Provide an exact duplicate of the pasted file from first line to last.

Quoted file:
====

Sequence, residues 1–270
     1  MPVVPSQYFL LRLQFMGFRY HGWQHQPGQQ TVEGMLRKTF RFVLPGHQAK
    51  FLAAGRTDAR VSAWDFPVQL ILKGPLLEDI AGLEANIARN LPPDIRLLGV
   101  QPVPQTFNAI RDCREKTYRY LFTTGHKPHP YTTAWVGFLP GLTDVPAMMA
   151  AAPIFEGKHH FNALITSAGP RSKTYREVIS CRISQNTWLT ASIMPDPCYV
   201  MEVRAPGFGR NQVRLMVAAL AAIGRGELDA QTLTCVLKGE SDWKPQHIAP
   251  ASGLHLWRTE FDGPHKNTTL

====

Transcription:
Sequence, residues 1–270
     1  MPVVPSQYFL LRLQFMGFRY HGWQHQPGQQ TVEGMLRKTF RFVLPGHQAK
    51  FLAAGRTDAR VSAWDFPVQL ILKGPLLEDI AGLEANIARN LPPDIRLLGV
   101  QPVPQTFNAI RDCREKTYRY LFTTGHKPHP YTTAWVGFLP GLTDVPAMMA
   151  AAPIFEGKHH FNALITSAGP RSKTYREVIS CRISQNTWLT ASIMPDPCYV
   201  MEVRAPGFGR NQVRLMVAAL AAIGRGELDA QTLTCVLKGE SDWKPQHIAP
   251  ASGLHLWRTE FDGPHKNTTL